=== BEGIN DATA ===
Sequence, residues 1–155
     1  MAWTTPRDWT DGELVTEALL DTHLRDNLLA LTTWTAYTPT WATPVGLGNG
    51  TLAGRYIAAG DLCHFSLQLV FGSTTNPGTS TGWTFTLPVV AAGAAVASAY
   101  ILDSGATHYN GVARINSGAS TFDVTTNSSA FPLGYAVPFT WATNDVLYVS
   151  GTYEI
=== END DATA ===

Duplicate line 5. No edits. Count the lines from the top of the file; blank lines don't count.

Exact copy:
   151  GTYEI